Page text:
The Excretory System & Kidneys – MCAT Biology | MedSchoolCoach - Page 2

The Excretory System & Kidneys

MCAT Biology - Chapter 7 - Section 7.1 - Organ Systems - Excretory System
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Sample MCAT Question - The Excretory System & Kidneys

Which of the following is a major function of the kidneys?

a) Pumps blood through the entire body

b) Removes old red blood cells from circulation

c) Maintains blood volume and composition

d) Breaks down insulin and other hormones

C is correct. Maintains blood volume & composition. The kidney can act in various capacities performing several different vital biological functions. One of the functions of the kidney is to maintain the volume and composition of blood. For example, if the blood volume in the body is too low, as in dehydration, the kidneys will decrease urine output to help regulate and maintain a healthy blood volume. Likewise, if the blood volume is too high, the kidneys will increase the volume of urine. Answer choices A and B are incorrect and describe the heart. Answer choice D is incorrect because while kidney cells may break down some hormones, this is not a major function.

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Introduction to the Excretory System & Kidneys

In this MCAT post, we’ll be introducing you to the excretory system, one of the major organ systems of the human body. We’ll discuss both the anatomy of the excretory system as well as its function in the body. Then we’ll zero in on the kidneys specifically, as these are the most important organs in the excretory system. We’ll discuss the unique anatomy of the kidneys, as well as the various roles they play in maintaining the health of the organism.

Anatomy and Function of the Excretory System

The excretory system is a biological system that removes waste from the body and helps to maintain internal homeostasis. It is a complex system that consists of many structures, as shown in Figure 1. The kidneys are an essential component of this system that help to filter blood and remove waste from the body in the form of urine. The urine formed by the kidneys is carried to the bladder by long tube-like structures called ureters. The bladder serves as a storage unit for urine. When the bladder is full, the urethra carries the urine from the bladder to the outside of the body. This process is known as micturition. Also, it is important to note that there are two urinary sphincters: the internal urinary sphincter and the external urinary sphincter. The internal urinary sphincter is made of smooth muscle and is under involuntary control. The external urinary sphincter, however, is made of skeletal muscle and is under voluntary control.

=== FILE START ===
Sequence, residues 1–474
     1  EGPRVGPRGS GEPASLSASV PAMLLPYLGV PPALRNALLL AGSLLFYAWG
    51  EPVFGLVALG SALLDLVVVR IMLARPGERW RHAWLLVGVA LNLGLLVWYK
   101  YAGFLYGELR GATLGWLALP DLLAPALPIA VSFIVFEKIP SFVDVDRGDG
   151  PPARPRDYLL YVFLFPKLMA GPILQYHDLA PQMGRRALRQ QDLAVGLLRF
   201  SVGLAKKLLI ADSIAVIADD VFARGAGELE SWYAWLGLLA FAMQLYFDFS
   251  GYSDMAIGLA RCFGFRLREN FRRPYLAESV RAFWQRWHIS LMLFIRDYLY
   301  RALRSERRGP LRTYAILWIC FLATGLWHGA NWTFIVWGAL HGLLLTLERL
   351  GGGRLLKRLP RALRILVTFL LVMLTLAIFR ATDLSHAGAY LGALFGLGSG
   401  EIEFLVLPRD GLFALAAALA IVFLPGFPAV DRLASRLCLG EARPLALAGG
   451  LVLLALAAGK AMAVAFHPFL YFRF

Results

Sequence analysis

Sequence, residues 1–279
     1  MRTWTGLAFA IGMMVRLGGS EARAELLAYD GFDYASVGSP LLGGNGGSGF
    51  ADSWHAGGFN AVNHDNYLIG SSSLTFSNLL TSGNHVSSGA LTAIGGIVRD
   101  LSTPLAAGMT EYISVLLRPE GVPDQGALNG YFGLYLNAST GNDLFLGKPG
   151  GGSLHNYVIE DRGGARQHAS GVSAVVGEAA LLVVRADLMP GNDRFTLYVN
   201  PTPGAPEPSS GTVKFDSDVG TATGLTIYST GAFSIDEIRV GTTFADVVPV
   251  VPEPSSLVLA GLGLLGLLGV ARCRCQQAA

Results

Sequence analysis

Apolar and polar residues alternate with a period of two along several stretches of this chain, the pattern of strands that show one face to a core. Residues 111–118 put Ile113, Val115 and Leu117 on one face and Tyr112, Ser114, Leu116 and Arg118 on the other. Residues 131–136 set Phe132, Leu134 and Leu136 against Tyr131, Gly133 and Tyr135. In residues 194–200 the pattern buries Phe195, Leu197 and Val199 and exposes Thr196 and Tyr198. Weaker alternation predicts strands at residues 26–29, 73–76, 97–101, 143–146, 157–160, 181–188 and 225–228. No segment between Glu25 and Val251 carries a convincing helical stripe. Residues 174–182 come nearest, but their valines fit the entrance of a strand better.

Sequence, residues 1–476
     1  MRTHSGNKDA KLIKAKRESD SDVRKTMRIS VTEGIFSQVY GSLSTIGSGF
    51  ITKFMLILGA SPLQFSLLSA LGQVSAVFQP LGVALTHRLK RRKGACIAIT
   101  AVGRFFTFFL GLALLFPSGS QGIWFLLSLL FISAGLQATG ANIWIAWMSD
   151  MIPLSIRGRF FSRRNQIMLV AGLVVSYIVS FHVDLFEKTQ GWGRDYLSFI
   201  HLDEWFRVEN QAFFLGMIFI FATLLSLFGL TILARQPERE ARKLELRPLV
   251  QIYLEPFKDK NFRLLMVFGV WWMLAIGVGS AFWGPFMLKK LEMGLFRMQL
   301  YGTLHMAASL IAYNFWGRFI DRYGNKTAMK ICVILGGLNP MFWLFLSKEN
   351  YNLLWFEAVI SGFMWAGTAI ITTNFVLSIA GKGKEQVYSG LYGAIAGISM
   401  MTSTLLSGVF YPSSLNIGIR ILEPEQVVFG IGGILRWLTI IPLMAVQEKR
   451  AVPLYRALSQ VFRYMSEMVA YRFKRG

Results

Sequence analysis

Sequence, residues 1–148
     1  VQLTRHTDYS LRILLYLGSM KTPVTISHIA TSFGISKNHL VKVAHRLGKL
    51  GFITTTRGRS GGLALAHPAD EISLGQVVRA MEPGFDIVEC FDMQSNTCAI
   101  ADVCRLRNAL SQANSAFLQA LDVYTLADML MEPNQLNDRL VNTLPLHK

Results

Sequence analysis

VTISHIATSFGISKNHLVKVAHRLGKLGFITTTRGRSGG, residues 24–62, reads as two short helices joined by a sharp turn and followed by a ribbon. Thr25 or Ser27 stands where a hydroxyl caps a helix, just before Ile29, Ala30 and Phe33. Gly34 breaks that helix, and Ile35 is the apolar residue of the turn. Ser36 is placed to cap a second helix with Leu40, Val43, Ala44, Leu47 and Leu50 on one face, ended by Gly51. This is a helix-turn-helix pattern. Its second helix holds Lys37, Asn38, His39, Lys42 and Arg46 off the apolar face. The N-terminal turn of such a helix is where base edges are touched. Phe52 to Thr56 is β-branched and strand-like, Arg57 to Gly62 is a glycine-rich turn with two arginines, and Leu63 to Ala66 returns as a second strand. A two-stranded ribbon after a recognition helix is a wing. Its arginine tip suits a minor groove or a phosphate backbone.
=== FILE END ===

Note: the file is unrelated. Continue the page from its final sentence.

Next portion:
Anatomy of the excretory system for the MCAT, showing how the kidney connects to the ureter, bladder, and urethra
Figure 1. Anatomy of the Excretory System

Anatomy of the Kidneys

The kidneys are the central organs of the excretory system. In order to better understand the excretory system, it is therefore important to understand the anatomy of the kidneys and how they connect to the blood supply.


The kidneys receive blood from the renal artery and blood that passes through the kidney is then returned to the body through the renal vein (Figure 2). Moreover, the outer layer of the kidneys is called the renal cortex and the inner part of the kidney is called the renal medulla. The renal cortex is the part of the kidney where filtration of substances such as water, glucose, and amino acids occurs. Also, the hormone erythropoietin, which is involved in red blood cell production is produced in the renal cortex. The renal medulla contains several structures involved in the regulation of salt and water in the body.

Kidney anatomy for the MCAT, showing how the kidney connects to the blood supply and the renal cortex and medulla
Figure 2. Anatomy of the Kidney

Functions of the Kidney

In addition to kidney anatomy, the MCAT exam will also test your knowledge of kidney function.


The first function, as discussed above, is an excretory function. The kidney eliminates waste from the blood by producing urine. In particular, the kidney removes soluble nitrogenous wastes, salts, as well as excess water from the blood. One consequence of renal disease is the inability to eliminate waste products from the body, which can cause many problems. For example, high potassium can lead to abnormal heart rhythms, and high levels of urea can lead to altered mental status.


A second important function of the kidney is a regulatory function. As the kidneys are producing urine by eliminating wastes and salts, they are also helping to maintain the volume and composition of blood. For example, if the body’s blood volume is low, then the kidneys will decrease urine output to help increase the blood volume until it is back to normal. Likewise, if someone becomes over-hydrated, by drinking too much water, then the blood volume will increase. In this way, the kidneys will increase urine output to decrease blood volume.


The third important function of the kidneys is an endocrine function. As mentioned above, the kidney secretes the hormone erythropoietin that acts on the blood marrow to stimulate the production of red blood cells. It also produces the enzyme renin, which is involved in the renin-angiotensin-aldosterone system that helps to regulate the body’s blood pressure. Furthermore, the kidneys also help to convert vitamin D produced from the skin into its active form, called calcitriol. Calcitriol helps to increase blood calcium by stimulating calcium reabsorption in the intestines. Calcium is important for bone mineralization. For this reason, an important consequence of long-term, or chronic, kidney disease is the inability to mineralize bone properly, leading to excess fractures or bone pain.

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